A solar-powered and tent-sized Australian prototype machine that can suck CO2 from the air has secured a $700,000 contract to capture and store carbon.
The deal, part of a project backed by corporates including the owners of Google and Facebook, is thought to be the first time an Australian company has secured a deal to remove CO2 using direct air capture (DAC) technology.
AspiraDAC will deploy about 180 of the machines, developed and made in Australia, to capture and store 500 tonnes of CO2 by 2027 at an agreed US$1,000 (AU$1,469) a tonne.
In April several major corporates, including the owners of Facebook and Google, announced a new venture called Frontier that would commit US$925m (AU$1,359) to projects that pull CO2 from the air and then store it.
In the first major purchase under the venture, technology company Stripe, one of the partners in Frontier, announced this week it was spending US$2.4m (AU$3.5m) on six direct air capture projects around the world, including AspiraDAC.
The executive director of AspiraDAC, Julian Turecek, said up to 180 modules would be needed to fulfil the contract and these would cover an area of less than half a hectare.
He said the company had not confirmed the location or the geological storage for the site, but confirmed depleted oil and gas reservoirs at Moomba, in South Australia, were being considered.
“We really think this is a launch moment for direct air capture in Australia,” Turecek said. “This is the start of what could be a significant industry.”
He said the carbon removal off-take agreement with Frontier was likely to be the first of several that AspiraDAC would deliver.
Southern Green Gas has developed the machines in partnership with the University of Sydney, and will build and deliver them to AspiraDAC.
The business development manager and co-founder at Southern Green Gas, Brett Cooper, believed the contract to deliver the emissions reductions using DAC was a first in Australia. Each module can capture two tonnes of CO2 a year.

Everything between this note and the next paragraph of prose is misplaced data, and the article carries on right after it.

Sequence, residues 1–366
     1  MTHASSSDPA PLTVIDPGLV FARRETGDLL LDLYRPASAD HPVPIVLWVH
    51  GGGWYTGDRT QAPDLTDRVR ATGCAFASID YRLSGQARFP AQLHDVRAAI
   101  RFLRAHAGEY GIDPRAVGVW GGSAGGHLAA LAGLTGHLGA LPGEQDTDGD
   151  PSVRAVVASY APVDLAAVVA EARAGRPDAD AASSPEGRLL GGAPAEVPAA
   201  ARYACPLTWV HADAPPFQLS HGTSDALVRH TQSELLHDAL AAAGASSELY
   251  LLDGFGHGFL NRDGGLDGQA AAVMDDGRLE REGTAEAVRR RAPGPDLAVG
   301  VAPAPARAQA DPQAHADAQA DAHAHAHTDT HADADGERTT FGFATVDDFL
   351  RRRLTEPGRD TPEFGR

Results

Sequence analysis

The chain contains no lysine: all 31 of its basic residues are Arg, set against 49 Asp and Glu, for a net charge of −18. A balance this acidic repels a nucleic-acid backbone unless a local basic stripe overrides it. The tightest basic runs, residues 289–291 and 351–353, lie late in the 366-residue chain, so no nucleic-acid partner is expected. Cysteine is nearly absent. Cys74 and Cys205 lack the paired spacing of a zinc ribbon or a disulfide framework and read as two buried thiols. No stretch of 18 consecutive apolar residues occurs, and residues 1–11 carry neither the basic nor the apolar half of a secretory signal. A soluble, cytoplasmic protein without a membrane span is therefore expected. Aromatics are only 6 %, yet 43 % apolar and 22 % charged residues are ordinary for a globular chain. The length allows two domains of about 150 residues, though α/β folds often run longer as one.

Cooper said: “This is a quintessential Australian solution because not everyone has the land area that also has the intensity of solar energy that we have.”
The amount of CO2 reduction under the new contract is tiny, but Cooper said the deal is a major step for the industry which he believes has big growth potential in Australia.
At the core of the Australian machine is a sponge-like material developed at the University of Sydney that holds on to CO2 molecules as air passes through it.
Fans draw air into canisters containing the sponges, and then heat is used to extract the pure CO2 that can be pumped and stored underground. All power comes from the solar panels that cover the units like an A-frame tent.
The Sydney team of scientists and student researchers won a $250,000 prize last year to support the development of the material from tech billionaire Elon Musk’s US$100m (AU$147m) X-Prize that is trying to establish large-scale carbon removal projects.
Prof Deanna D’Alessandro, who supervises the Sydney team, said: “Carbon drawdown is going to be absolutely essential. This is directly addressing the problem and that is really powerful.”
“The students are seeing the materials they’re making having a real-world impact on carbon drawdown.”
Turecek said: “Nature has designed the perfect air capture machine and that’s a tree. But DAC is doing that mechanically and once we can do that at scale we can control that CO2 removal and make it permanent.”
An International Energy Agency plan for the world’s economies to reach net zero emissions by 2050 says direct air capture technologies will need to deliver more than 85m tonnes of CO2 capture by 2030. Currently, the agency says the technology can deliver just 10,000 tonnes around the world.
In May, the US government announced a US$3.5bn program to build four major hubs for direct air capture projects.
The world’s biggest direct air capture plant is in Iceland and the company behind the plant, Climeworks, announced this week it was expanding capacity to 36,000 tonnes of CO2 a year.
Dr Paul Feron, a scientist working on carbon capture technologies at CSIRO, said the agency was working on three different DAC technologies that he hoped would be commercialised within a decade.
“We have got to the point in terms of the CO2 levels in the atmosphere that we need to have an ‘all of the above’ approach,” he said.
“We need to be good at using as little energy as we can and we need to replace our fossil fuels with renewable energy as quickly as we can. But that most likely won’t be enough and we need to manage the carbon that is already delivering climate change. That’s why there is enormous interest in DAC.
“We need to plant as many trees as we can, but it’s a reflection on the severity of the problem that we now have to look at [DAC] as well.”